A large percentage of these costs come from the agreement between the College of Nursing and the Houston Academy of Medicine-Texas Medical Center (HAM-TMC) Library. As the FY2009 contract illustrates, the expenses associated with this partnership, in which Prairie View A&M is a Supporting Institution, tend to increase 5% each year [18]. Nursing students have physical access to more than 357,000 books and print journals, over 9,000 electronic journals and approximately 172 electronic databases including BioMed Central, the New England Journal of Medicine, and the Public Library of Science, all accessible via remote access [19] [20]. To activate remote access privileges, students enter their names, e-mail addresses, and indicate the member institution into a simple Web form [21]. The HAM-TMC offers online tutorials, many of them in video format, in maximizing use of 30 different databases [22]; two-week circulation privileges; library instruction classes (with easy online self-registration); and orientation sessions [23] [24]. These library classes are assessed, but no information about the student's home institution is required on the evaluation form; therefore, no data are available specifically about Prairie View A&M College of Nursing students and their use of / reaction to instruction at this facility [25].

Within the College of Nursing itself, students have a dedicated on-site librarian to assist them with using the HAM-TMC Library as well as resources on Prairie View's main campus. All nursing students can use the ILLiad interlibrary loan system and have proxy access, as described above, to the subscription databases maintained the John B. Coleman Library, including 13 specifically devoted to issues of health and medicine such as CINAHL (Cumulative Index to Nursing and Allied Health Literature), MEDLINEPlus, and the Spanish-language MedicLatina [26].

In similar fashion, students enrolled at the Lone Star College-University Center distant site in The Woodlands, TX, also have consistent access to a variety of library learning resources. According to the 2009-2010 Faculty Handbook of the University Center, "The Lone Star College-University Center Library provides students attending classes with the same access to library resources and support as is available at the library at their home campus." Library hours are 8:00 a.m. to 9:00 p.m. Monday through Thursday and 8:00 a.m. to 4:00 p.m. on Friday and Saturday [27]. Facilities include wireless internet, 24 Windows XP computer stations, printers, scanners, and a photocopier; the adjacent computer lab contains approximately 30 computers for use by students. An on-site University Center reference librarian is available for library orientations and in-class research instruction for all PVAMU students enrolled at this distant site.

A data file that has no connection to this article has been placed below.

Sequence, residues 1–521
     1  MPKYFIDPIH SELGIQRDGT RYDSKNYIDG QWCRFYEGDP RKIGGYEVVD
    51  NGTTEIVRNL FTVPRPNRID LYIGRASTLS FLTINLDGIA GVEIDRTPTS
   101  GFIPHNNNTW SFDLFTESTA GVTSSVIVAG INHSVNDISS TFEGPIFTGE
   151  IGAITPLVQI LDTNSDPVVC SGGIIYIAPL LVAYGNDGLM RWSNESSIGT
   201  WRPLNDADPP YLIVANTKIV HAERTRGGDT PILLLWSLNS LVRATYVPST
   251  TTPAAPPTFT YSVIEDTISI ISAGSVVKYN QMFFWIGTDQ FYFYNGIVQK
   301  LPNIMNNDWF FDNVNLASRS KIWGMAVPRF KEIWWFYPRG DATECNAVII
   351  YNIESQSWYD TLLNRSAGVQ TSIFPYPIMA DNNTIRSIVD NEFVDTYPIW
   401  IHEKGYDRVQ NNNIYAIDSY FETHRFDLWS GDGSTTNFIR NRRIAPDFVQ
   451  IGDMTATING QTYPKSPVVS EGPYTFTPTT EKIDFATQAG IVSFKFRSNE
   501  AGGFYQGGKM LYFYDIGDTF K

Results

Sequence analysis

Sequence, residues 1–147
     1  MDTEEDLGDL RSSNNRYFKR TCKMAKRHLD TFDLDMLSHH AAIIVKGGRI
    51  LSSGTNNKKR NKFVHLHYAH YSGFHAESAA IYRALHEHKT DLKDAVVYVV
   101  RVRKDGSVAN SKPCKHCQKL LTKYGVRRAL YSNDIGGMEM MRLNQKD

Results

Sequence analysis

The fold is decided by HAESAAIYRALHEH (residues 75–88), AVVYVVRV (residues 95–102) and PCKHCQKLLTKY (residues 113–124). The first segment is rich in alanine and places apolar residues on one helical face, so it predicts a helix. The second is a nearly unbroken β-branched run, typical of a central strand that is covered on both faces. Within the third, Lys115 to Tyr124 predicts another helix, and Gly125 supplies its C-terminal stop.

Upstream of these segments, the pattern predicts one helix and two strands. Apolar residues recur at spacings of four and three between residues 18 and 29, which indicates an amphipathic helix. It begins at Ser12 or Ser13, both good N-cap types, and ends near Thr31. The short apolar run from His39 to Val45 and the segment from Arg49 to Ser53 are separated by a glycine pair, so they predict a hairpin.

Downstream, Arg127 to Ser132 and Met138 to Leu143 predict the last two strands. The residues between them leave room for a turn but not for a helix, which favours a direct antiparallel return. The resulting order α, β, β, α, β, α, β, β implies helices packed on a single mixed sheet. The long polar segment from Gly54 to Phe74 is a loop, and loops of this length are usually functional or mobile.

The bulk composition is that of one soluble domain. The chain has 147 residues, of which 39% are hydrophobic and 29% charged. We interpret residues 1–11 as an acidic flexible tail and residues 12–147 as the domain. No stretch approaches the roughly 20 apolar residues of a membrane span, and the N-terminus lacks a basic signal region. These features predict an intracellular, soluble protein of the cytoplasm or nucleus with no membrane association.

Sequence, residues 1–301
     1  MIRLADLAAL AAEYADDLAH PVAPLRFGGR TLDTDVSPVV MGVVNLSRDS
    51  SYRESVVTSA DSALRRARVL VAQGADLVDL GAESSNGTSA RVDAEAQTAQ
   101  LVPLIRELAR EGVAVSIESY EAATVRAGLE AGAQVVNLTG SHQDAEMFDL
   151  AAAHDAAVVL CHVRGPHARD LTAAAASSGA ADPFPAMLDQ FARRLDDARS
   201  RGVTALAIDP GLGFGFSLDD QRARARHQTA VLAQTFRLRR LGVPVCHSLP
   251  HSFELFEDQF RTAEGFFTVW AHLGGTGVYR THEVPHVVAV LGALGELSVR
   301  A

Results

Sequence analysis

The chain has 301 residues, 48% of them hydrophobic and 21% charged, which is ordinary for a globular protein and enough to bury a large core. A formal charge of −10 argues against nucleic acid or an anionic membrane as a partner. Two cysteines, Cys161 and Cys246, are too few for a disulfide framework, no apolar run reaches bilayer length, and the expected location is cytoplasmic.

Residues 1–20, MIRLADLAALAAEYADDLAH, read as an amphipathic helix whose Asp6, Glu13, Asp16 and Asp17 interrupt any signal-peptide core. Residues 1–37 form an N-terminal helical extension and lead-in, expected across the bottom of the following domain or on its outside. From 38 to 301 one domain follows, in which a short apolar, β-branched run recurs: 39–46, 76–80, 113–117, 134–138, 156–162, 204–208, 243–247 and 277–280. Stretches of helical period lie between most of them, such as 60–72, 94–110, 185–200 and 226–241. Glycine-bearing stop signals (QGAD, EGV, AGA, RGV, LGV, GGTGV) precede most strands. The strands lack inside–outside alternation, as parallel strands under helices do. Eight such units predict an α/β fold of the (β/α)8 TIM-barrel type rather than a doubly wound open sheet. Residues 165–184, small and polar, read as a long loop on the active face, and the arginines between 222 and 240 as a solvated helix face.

In addition to accessing Prairie View A&M's electronic databases by remote proxy and using the ILLiad system to request collections materials, students also can check out resources from the neighboring Lonestar College-Montgomery campus in three ways: a Montgomery County Public Library card, a Harris County Public Library card, or a community borrower card issued by LSC-Montgomery, which requires a state photo ID [27]. Basic library information also is included in the University Center Student Handbook [28].

Like the College of Nursing, Prairie View's third and final distance education site, the Northwest Center in Spring, Texas, has an on-site librarian to assist students with interlibrary loans, remote access of electronic databases, and use of the specialized reading room. More importantly, she creates and administers course-integrated library research instruction sessions on topics including library policies (cards, circulation, etc.); Library resources (eRes, ILL, staff, etc.); searching library databases; citation styles (APA, MLA); copyright and plagiarism; and writing styles. Instruction sessions are assessed regularly. For instance, 27 classes were offered and 13 surveyed in Fall 2007. Instruction occurs regularly, since 41% of the respondents replied that this was not their first library research session; 71% indicated that they would benefit from a follow-up class. 93% rated the instructor favorably (67% excellent and 26% good) [29]. In an additional online assessment given for the 2007 academic year, 35.7% of the respondents said they used the library's electronic databases at least once per week [30]. In 2008, 56 students, primarily in graduate Counseling and Educational Administration programs, completed the optional online NSurvey instrument and indicated 28 different instructors, which again demonstrates how pervasive library instruction is at this distant site [31].

To aid distance-learning students with using library resources, the John B. Coleman Library offers multiple online instructional aids, including an email "Ask a Librarian" reference, with replies within 24 hours [32]; brochures in subjects like "How to Find Books" [33] and "How to Find Articles" [34]; and course-specific research guides in over 41 areas [35].

An updated Distance Library Services web page gives useful links for all three distant sites, including The University Center, the College of Nursing, and the Northwest Center, with contact information for librarians and their online help, links to database access, and a convenient link to the ILLiad interlibrary loan request form [36].

Additional Supporting Documentation and Links

© 2009 Prairie View A&M University